Developing these isn’t a priority for most credential or educational institutions. I suppose they think the working world will figure this out and help workers cultivate it. Except most aren’t, so the cycle of bad hiring continues.

All this data emphasizes that we’re at a crossroads in the industry. You do have control here to break the cycle with upskilling and reskilling, focusing on hard and soft skills.

Upskilling and Reskilling to Build a Better Pipeline of Cybersecurity Talent

The strategies and decisions you make today regarding recruitment and hiring impact the short and long-term. If you’re going to keep a pipeline running, you will have to look outside the normal parameters. Finding people passionate about cybersecurity and helping them become adept at it will serve you well. Here are some tips on how to implement this into your hiring plan.

Look for internal talent.

There may be people within your organization now wanting to pursue cybersecurity. They may be in a non-technical position now, but they have potential. Creating a mentorship program within your company could build this bridge. Encourage those interested in the field to express their interest and join the community. Assess them based on their soft skills and capacity to learn technical knowledge. If you find some great people to develop, the business could pay for specific courses to help them level up their hard skills. Once they have the basics, continue to support them through learning and training.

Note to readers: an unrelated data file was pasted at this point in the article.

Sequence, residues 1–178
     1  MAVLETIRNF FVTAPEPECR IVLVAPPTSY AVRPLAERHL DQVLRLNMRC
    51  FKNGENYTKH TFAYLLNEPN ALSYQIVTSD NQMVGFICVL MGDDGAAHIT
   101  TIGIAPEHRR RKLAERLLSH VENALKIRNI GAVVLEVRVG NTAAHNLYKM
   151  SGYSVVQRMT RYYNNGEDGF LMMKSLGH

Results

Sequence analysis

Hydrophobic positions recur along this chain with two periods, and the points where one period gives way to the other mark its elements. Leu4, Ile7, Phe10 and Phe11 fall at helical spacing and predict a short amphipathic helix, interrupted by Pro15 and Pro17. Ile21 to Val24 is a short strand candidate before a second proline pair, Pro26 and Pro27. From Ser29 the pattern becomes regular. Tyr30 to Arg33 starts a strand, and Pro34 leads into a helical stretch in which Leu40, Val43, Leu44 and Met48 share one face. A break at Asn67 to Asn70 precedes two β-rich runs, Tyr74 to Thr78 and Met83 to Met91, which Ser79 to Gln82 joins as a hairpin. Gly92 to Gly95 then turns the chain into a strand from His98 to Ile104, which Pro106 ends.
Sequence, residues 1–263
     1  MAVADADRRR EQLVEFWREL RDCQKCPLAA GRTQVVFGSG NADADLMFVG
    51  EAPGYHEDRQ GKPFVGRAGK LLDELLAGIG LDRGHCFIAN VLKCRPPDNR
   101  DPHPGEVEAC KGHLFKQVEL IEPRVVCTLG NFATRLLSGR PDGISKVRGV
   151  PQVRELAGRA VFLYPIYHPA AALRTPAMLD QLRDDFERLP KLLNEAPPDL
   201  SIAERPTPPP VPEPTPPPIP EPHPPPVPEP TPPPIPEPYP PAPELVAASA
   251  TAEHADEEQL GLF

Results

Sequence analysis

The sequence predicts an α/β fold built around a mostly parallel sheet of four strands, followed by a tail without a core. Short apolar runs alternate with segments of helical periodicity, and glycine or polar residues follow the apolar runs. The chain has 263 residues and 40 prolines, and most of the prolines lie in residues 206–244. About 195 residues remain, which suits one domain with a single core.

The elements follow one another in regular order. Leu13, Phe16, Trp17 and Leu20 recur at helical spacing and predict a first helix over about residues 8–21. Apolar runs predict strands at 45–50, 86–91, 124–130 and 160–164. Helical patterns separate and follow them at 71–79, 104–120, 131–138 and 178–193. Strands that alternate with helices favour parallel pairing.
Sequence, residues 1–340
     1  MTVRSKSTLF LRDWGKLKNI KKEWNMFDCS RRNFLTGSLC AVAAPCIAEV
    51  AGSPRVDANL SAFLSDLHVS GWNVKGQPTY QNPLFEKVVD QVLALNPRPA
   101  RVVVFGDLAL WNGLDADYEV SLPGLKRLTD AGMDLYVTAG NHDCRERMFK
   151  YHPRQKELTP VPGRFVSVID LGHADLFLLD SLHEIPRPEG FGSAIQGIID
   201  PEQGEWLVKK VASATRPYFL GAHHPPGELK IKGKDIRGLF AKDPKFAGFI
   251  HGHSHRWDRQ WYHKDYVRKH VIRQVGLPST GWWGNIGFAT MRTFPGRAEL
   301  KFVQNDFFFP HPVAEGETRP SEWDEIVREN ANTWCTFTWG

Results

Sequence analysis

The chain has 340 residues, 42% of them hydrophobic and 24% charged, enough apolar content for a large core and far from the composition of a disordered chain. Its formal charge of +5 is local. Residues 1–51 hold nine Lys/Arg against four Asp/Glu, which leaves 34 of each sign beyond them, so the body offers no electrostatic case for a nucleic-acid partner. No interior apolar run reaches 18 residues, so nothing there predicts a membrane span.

Evaluate your current entry-level staff and their gaps.

You’ve likely hired some entry-level positions as of late. You saw their potential and recognized their abilities, but you also knew things were missing. Those can include soft and hard skills. Building a relationship with them and understanding their motivations and career goals can inform whom to invest in with upskilling and reskilling opportunities. If you invest in them, they’ll feel valued and appreciated, which will go a long way toward cybersecurity retention.